The Investment Column: Heady cider sales fail to convince at C&C

Intermediate is worth holding; Avoid telecoms tiddler Fibernet
Click to follow

Announcing the arrival of a new, cool alcohol brand, launched this summer in some of London's better bars, made from some of nature's healthiest ingredients and offering drinkers a thirst-quenching pint served over crushed ice. It is Magners cider.

Cider? Cider cannot be successfully rebranded, surely? The Irish drinks group C&C Group has been launching its Magners brand across the UK with startling success. In Northern Ireland at the start of the decade and last year in Scotland, it has grown fast. Whether it is winning new drinkers over to cider, reclaiming those previously lost to alcopops, or just winning market share from the likes of Strongbow, you can see the numbers fizzing. In the six months to 31 August, C&C's cider sales rose by 28 per cent.

We were among those who scoffed when C&C floated last May and we advised shunning the stock. The share price graph opposite shows starkly the disservice we rendered. However, we would do no favours by performing a U-turn now.

While the early signs from London are strong and company optimism is high, it is too early to be sure cider can really be made cool in the UK. Yesterday's figures for sales in the much more established Irish market were flattered a little by the good summer weather, and C&C flags that it will have to put extra investment behind Magners, in terms of marketing and bottling plant expansion, which will limit profit growth for a while.

As for the rest of the group, which has been largely ignored by the City but which still accounts for a third of profits, performance is either dull or worse. There is little growth to be enjoyed from brands such as Ballygowan mineral water, Tayto's crisps and the liqueur Carolans. A switch in distributors for the spirits and liqueurs might disrupt sales in the coming year, while the snacks division is having to be restructured.

C&C is generating plenty of cash to pay down the debt that we worried about on flotation (now under €400m), but the valuation has increased to the upper limit of the drinks sector and a dividend yield below 4 per cent is not tempting. Time, gentlemen, please.

Intermediate is worth holding

Is there too much money sloshing about in private equity funds, pushing the valuation of company buy-outs unsustainably high and the returns dangerously low? This is a key question for investors in Intermediate Capital, a financing house which backs buyout vehicles.

Intermediate provides what is called mezzanine finance, a mixture of debt and equity. It earns high interest on the debt part, and gets a handy option on an equity stake which it can cash in when the business is sold on. In addition, the company charges a fee for running its increasing portfolio of mezzanine finance funds, which it invests on behalf of other institutions.

Unsurprisingly, given the acquisition boom, it is trading at record levels. If buy-outs are bigger, so is the slice of mezzanine finance. This is outweighing the effects of increasing competition from hedge funds, which have piled into this area because returns from their other activities appear to have dried up.

Intermediate's "core profit" was up 28 per cent in the six months to 31 July, to £44m. Core profit excludes the cost of its new investments and the capital gains it makes on equity sales. In the first half, these sales included stakes in IG Group, the spread betting firm which floated, and Focus, the DIY chain. Capital gains were a record £64.6m, up from £23.7m.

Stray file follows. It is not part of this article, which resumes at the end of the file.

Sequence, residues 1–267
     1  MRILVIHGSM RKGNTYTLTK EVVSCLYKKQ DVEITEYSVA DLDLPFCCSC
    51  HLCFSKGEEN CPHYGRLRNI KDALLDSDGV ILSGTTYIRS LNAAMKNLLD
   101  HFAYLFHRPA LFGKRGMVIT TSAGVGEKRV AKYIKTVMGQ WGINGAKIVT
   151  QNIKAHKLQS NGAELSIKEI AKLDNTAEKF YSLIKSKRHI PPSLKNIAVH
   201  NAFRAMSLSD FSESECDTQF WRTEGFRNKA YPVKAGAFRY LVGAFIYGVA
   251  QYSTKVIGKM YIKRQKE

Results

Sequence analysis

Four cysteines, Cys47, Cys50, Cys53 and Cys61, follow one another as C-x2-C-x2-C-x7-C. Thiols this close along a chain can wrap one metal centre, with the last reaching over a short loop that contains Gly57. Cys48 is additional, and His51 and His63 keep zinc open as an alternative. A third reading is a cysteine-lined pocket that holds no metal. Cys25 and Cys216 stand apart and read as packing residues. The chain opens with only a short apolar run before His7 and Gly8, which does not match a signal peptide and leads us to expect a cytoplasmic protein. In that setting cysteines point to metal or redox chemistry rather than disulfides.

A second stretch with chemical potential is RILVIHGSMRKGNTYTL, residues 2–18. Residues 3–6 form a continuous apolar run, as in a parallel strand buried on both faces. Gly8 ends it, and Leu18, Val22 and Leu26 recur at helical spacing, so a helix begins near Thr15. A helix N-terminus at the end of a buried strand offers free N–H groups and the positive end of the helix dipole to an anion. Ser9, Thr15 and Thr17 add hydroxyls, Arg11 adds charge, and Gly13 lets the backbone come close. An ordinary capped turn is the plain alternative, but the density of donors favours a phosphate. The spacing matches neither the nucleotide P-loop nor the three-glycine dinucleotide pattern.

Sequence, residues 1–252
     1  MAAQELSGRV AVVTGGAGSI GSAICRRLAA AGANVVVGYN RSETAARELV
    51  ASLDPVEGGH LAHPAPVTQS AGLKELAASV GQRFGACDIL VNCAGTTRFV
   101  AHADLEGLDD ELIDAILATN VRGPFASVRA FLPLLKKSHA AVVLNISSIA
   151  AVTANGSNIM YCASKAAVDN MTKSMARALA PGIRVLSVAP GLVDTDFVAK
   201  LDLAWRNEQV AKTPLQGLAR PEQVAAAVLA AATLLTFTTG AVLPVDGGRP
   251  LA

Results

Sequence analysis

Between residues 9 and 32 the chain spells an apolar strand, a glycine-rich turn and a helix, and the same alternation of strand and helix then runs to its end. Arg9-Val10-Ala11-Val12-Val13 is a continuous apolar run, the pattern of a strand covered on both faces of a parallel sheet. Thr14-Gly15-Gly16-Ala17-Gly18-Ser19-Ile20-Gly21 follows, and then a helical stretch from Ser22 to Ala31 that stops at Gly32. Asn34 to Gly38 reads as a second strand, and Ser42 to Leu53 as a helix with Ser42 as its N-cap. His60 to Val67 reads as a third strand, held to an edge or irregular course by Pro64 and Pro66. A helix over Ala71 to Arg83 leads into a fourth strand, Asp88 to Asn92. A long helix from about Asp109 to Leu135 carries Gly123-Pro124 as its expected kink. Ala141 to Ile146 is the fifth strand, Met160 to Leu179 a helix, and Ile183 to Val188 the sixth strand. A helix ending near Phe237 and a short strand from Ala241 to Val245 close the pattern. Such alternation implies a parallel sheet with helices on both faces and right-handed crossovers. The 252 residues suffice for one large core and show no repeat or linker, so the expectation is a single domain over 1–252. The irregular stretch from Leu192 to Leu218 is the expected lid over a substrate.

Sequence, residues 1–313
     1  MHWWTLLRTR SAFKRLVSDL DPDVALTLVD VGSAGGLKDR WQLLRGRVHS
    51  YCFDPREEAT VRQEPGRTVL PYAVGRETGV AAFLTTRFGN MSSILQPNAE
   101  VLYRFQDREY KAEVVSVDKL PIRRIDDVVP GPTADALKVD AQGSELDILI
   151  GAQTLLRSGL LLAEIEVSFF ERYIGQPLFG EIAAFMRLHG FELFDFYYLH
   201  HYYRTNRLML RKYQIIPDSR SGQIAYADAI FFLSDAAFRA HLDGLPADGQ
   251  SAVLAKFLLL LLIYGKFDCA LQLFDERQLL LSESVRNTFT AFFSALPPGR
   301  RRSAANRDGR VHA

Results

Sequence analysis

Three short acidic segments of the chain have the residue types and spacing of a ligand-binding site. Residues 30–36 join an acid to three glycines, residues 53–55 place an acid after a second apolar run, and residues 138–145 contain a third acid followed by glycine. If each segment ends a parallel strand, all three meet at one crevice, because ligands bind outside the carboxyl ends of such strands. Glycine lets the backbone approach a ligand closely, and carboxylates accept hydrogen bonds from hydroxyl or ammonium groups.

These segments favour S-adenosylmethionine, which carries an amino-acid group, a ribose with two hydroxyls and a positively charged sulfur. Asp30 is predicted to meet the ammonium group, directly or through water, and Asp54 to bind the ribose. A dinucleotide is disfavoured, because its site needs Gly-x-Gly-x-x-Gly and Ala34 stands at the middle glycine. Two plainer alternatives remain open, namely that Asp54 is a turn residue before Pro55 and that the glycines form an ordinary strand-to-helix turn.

So to our opening question. Tom Attwood, Intermediate's managing director, has the Delphic answer: things happen slowly. We concur. There is still more steam in the M&A engine, and private equity deals do still stack up at current low interest rates. Intermediate's bad debt provisions are flat. Keep holding.

Avoid telecoms tiddler Fibernet

The telecoms sector is famously competitive, with brutes such as BT and Cable & Wireless battling for business amid an environment of relentlessly falling prices. Fibernet, the telecoms tiddler, claims it has an alternative story to tell, however, and that it should be thought of in a different light.

It does not operate in the mass-market supply of voice and data connections but instead offers large companies their own private networks for the high-speed transfer of data using its fibre optic cable technology. Annual results for the 12 months to the end of August show that the company managed to increase sales 13.5 per cent to £47.9m and losses were reduced from £5.7m to £4.4m.

The next two years, the company says, are crucial for achieving its goal of sustainable profit. Its pipeline of orders, which often take a year or more to negotiate, is worth more now than this time last year, according to the chief executive, Charles McGregor, so there are grounds for optimism that the company could break into the black soon. However, although Fibernet is in a niche business, it does compete against the likes of BT and, although this is only a tiny part of BT's business, Fibernet can expect its bigger rival to try to dominate this market.

During the year, Fibernet warned that some of its new business wins had been delayed and it finished the year with new contracts signed of £48.1m, below target and below last year's result of £53.6m. This should be a salutary lesson in how volatile and unpredictable telecoms services can be and, although Fibernet is doing many things right, it is hard to warm to its competitive position. Avoid.